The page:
Prevalence and severity of thrombocytopenia in blood culture proven neonatal sepsis: A prospective study

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Background: The reported prevalence and pattern of thrombocytopenia in neonatal sepsis vary widely. Objectives: We aimed to determine the prevalence and severity of thrombocytopenia in blood culture proven neonatal sepsis. Methods: The study was conducted in a University hospital by recruiting neonates with sepsis in whom blood culture had grown microorganisms. The initial platelet count refers to the one obtained at the same time as the positive blood culture. Platelet counts were monitored 12 - 24 hourly. Thrombocytopenia was considered mild if between 50,000/mm3 and 150,000/mm3, moderate if between 20,000/mm3 and 50,000/mm3, and severe if < 20,000/mm3 or < 50,000/mm3 with clinical bleeding. Results: A total of 143 episodes of blood culture proven sepsis in 131 neonates were studied. Gram positive bacteria identified in 33.6%, gram negative bacteria in 53.8%, and fungi in 12.6%. Klebsiella predominated among Gram negative bacteria (39%) and Candida species (94.4%) among fungi. Initial thrombocytopenia was observed in 84 (58.7%) episodes; it was mild, moderate, and severe in 39.3%, 25%, and 35.7% respectively. Initial thrombocytopenia among Gram positive, Gram negative, and fungal sepsis were 41.7%, 70.1%, and 55.6%, respectively. Severe thrombocytopenia in the respective groups was 20%, 44.4% and 20%. Overall (80%) and severe thrombocytopenia (45.8%) was highest in Klebsiella sepsis. Thrombocytopenia was moderate in 60% of Candida sepsis. An additional 23.7% had thrombocytopenia subsequently. In 51.2%, thrombocytopenia persisted beyond 3 days. Conclusions: Thrombocytopenia was observed in 58.7% of culture proven neonatal sepsis. Initial thrombocytopenia was common among Gram negative sepsis and mostly of a moderate degree in Candida sepsis.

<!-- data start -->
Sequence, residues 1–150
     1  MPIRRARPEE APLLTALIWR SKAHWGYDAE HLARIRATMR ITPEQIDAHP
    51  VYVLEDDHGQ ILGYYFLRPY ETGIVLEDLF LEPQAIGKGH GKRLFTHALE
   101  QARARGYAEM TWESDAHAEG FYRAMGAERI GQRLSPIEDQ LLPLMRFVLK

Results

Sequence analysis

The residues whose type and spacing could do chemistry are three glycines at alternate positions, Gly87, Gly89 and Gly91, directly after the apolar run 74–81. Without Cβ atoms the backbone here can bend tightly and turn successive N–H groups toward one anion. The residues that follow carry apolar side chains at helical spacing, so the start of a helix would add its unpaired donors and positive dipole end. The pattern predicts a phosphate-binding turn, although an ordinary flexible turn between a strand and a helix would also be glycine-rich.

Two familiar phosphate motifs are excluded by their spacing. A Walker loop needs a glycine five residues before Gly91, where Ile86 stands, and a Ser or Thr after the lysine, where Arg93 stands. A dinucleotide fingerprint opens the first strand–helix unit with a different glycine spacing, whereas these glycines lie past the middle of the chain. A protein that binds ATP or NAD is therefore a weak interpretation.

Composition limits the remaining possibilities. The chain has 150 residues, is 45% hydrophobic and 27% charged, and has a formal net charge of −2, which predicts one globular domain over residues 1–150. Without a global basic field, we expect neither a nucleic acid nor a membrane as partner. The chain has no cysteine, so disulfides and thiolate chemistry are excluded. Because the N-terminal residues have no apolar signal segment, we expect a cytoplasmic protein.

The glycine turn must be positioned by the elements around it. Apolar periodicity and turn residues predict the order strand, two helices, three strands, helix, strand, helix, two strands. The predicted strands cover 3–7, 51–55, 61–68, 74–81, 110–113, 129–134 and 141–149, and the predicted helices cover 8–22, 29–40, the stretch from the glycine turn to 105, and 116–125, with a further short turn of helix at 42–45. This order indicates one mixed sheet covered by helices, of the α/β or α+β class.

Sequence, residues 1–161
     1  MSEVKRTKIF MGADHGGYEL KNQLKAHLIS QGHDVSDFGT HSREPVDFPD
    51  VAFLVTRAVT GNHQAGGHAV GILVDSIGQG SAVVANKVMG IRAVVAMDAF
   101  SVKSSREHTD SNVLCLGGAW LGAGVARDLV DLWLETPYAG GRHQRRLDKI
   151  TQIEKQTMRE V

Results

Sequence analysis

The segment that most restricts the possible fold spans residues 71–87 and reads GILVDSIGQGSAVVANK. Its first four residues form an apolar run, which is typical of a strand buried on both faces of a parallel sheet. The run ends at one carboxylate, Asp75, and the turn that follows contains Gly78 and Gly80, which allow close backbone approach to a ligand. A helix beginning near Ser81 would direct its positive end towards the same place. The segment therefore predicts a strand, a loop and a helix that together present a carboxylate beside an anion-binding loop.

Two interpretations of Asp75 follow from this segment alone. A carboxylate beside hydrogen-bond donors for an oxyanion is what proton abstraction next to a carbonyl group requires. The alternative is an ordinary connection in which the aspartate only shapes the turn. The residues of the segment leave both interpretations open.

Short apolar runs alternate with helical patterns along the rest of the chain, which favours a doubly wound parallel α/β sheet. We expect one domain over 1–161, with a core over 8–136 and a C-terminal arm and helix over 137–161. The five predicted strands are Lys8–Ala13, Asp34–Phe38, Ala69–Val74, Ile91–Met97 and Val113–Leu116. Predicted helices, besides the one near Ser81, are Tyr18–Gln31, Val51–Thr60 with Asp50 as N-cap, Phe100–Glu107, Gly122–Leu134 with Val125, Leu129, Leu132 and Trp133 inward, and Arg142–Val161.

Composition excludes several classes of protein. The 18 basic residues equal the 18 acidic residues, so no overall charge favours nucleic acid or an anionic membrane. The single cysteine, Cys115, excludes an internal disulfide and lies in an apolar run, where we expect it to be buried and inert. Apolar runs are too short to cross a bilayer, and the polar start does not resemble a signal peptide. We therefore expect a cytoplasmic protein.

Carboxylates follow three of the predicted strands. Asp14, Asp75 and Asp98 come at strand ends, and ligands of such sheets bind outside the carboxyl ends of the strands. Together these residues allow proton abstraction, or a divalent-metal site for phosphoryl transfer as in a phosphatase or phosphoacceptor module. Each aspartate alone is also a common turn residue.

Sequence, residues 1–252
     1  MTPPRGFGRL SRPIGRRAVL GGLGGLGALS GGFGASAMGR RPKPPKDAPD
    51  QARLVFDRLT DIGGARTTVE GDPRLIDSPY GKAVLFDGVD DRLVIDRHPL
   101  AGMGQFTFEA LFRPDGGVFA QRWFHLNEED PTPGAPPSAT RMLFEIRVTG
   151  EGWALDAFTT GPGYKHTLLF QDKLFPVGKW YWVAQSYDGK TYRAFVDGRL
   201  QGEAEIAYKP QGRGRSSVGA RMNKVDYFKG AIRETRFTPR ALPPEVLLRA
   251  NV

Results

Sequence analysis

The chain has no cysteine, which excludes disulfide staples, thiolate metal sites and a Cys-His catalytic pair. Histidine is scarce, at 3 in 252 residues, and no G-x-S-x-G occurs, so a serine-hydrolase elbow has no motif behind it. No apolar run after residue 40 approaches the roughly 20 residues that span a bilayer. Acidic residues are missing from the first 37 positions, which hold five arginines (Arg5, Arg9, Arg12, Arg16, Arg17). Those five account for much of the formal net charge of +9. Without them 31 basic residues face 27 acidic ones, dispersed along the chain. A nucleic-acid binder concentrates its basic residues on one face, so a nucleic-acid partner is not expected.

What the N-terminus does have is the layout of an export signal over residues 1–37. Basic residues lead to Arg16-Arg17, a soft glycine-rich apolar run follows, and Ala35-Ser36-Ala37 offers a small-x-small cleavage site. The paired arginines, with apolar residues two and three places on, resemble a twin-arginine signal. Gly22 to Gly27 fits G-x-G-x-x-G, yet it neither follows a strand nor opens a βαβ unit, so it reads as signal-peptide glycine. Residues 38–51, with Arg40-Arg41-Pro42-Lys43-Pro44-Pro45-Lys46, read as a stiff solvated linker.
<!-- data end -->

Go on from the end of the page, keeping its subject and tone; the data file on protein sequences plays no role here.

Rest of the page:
Original languageEnglish
Article numbere12471
JournalArchives of Pediatric Infectious Diseases
Issue number2
Publication statusPublished - 01-04-2018

All Science Journal Classification (ASJC) codes

  • Pediatrics, Perinatology, and Child Health
  • Infectious Diseases


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